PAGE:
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Cadets and Kids

Cadets and Kids photo 11/4/2015 2:00:30 p.m. - Hobbs, NM.  

(Story courtesy of Dorothy N. Fowler, Hobbs News-Sun)

 

Mills Elementary school was busy Tuesday as 19 New Mexico Junior College Police Academy cadets lined up to spend an hour reading to students or, if they had a chance, playing a modified game of volleyball with them in the gym.

And, while cadets were reading and Scrubby was re-enforcing lessons about hand-washing, a contingent of workmen were working on the card-reading system that lets teachers and other school personnel get into the building with an identity card instead of a key.

The cadets are at the end of a 16-week period of intense training that will end with their graduation Thursday at the Lea County Event Center. They arrived at Mills with what looked like their firearms as well as other equipment. Angie Byrd, director of law enforcement and training at NMJC, said the weapons were “training weapons.”

“We didn’t want firearms on the campus,” Byrd said as she pointed 14 of the cadets toward kindergarten and first-grade classrooms and the other five toward second-grade classrooms.

Byrd said all but one of the cadets already has a job in law enforcement. The one who doesn’t is only 20 years old and can’t be fully certified until his 21st birthday. “Then he’ll have a job,” she said. “New Mexico is 800 law enforcement officers short,” she said. “Anyone who can get through the academy can get a job in law enforcement.” Shelby Stroik, one of the two women in the class, will become a game warden, doing what she described as “managing and protecting game.” At least part of the game she’ll be protecting is mule deer, she said. “Some of the biggest mule deer in the state are in southeast New Mexico,” she said.

Unlike most of the other graduates, Stroik will be working for the state government instead of for city or county law enforcement.

Another graduate who will not be working for local or state law enforcement is Jarrod Col-liver, who will be a campus policeman at New Mexico University. He said there is more for a campus policeman to do than people may realize. “There’s lots of student housing and some family housing and when people live together, there are domestic calls,” he said. “I wanted to get into law enforcement because I wanted to help people,” he said. “And a college campus is a good place to do that.”

Mills’ first and second-grade students were among the first recipients of the desire to help people as the cadets went from room to room reading to students who listened attentively as cadets read. Cadet Nelson McGuire read a story about an incident involving a bully to Kristie Santos’ second-grade class. Students laughed when the story ended with the victim’s little sister being so fierce that the bully was intimidated. McGuire, who has earned bachelor’s degree in criminal justice, told the students that the work toward his degree was hard. “We had a big book about this thick,” using his thumb and forefinger to illustrate. “I wrote a lot of it down so I can go back and read it because I’m not very good at remembering everything.”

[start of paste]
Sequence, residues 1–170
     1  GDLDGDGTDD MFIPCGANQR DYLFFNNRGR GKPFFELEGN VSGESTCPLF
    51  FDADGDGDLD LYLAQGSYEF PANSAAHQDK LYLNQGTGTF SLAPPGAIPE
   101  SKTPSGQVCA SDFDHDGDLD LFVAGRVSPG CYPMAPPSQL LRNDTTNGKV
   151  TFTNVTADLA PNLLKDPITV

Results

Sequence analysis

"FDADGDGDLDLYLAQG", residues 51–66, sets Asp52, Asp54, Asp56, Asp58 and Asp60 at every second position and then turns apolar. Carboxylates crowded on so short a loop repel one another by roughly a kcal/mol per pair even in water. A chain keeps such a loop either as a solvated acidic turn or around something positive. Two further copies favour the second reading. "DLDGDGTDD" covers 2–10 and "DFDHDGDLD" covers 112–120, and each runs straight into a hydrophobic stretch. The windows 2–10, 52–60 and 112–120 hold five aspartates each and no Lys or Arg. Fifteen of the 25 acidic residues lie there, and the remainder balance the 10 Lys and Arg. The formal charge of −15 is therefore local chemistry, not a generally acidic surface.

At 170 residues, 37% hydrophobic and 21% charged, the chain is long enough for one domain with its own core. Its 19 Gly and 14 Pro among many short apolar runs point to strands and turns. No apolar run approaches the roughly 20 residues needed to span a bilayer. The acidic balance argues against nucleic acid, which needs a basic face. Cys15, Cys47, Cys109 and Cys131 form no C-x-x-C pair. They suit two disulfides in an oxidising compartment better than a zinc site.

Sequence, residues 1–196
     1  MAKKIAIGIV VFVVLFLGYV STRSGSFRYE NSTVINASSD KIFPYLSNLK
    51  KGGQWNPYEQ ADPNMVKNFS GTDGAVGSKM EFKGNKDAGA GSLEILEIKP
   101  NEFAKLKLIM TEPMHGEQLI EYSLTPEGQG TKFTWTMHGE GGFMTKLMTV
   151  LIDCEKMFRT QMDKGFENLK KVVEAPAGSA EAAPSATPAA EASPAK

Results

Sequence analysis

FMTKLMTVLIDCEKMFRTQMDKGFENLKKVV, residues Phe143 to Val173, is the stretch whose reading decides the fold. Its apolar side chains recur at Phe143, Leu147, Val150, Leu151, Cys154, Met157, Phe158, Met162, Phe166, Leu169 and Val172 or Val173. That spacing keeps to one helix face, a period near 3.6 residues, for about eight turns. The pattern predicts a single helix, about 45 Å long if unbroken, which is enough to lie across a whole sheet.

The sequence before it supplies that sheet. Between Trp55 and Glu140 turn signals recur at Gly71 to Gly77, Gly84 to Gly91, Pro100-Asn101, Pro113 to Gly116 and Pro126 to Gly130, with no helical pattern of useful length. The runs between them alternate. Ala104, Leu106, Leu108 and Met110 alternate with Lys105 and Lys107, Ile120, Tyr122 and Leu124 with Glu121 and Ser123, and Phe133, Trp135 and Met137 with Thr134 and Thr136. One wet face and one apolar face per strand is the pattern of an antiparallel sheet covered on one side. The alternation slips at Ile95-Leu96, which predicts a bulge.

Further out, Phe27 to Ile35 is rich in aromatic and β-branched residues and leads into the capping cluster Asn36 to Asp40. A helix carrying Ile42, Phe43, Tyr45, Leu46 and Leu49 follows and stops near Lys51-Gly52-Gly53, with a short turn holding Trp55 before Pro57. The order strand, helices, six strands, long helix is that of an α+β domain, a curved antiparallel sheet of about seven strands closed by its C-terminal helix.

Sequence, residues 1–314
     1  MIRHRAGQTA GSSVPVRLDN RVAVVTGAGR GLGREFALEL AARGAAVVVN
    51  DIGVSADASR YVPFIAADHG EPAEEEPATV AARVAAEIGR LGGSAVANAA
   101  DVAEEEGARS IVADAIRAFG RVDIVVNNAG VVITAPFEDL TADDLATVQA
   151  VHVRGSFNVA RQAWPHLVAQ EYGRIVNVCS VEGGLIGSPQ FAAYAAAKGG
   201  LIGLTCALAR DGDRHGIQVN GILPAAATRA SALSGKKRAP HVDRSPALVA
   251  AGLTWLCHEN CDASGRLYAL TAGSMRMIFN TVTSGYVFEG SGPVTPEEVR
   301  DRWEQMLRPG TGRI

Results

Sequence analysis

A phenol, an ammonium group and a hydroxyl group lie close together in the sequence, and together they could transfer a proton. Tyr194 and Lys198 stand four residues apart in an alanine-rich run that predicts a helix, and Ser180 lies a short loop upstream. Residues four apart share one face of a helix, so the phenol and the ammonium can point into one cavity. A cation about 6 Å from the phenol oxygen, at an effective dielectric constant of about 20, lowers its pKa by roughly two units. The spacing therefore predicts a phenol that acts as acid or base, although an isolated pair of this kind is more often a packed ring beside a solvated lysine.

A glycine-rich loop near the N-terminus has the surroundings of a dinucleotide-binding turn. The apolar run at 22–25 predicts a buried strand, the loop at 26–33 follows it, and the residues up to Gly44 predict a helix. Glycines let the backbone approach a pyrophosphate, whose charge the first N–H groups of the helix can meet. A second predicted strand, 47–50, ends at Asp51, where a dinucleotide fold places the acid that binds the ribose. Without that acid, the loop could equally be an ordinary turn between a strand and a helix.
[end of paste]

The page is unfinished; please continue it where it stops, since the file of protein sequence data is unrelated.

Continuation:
The second-graders, many of whom are awaiting the arrival of their two front teeth, asked McGuire if the police academy was hard. He said it takes lots of practice handcuffing people, shooting guns and “driving as fast as I could around some cones.” Students who are in athletics agreed with him that doing things well requires practice.

Down the hall, in the gymnasium, four cadets were engaged in batting balloons back and forth to students over a volleyball net. The balloons, two red, one green, one blue, one orange and one purple, flew back and forth as Alice Sapping-ton, Mills physical education teacher, watched. “This is a good way to teach kids that cops aren’t scary,” she said. When a blue balloon popped, she asked the student who held it to put it in the trash so “we can have a balloon funeral.” As the class ended, she asked students who had balloons in “warm colors” to bring them first, followed by the students who had balloons in “cool colors.” As the contingent of cadets who played balloon volleyball left the gym, a new group came in, along with a new group of Mills students. Byrd also came in to observe and to talk about the police academy.

“This is my 16th academy class,” she said. “There are two 16-week academies each year, one each semester. We started this class with 26. Some people got hurt during the training and have to come back for the next session and some people decide it’s not something they want to do,” she said explaining why the graduating class was smaller than the number of students who started.

Byrd, who holds a master’s degree in criminal justice, said she has been in law enforcement for more than 20 years, including teaching at the college level for 10 years. “I like teaching. My niche is teaching,” she said. “I want to make sure they get all the training they need to do their job and stay alive. I haven’t buried one yet and I’m proud of that.”

As Byrd and the cadets continued their work with students, Justin Santos and Bailey Cooper arrived at the front door to play their roles as Scrubby Bear. They had already been to College Lane Elementary School and were scheduled to go to Sanger Elementary after their gig at Mills. Scrubby’s suit transforms its wearer into a bear nearly seven feet tall. The head obscures vision enough that the wearer needs a guide to get him or her through doorways, but nothing about the suit prevents Scrubby from demonstrating with its paws the lessons that school nurses teach.

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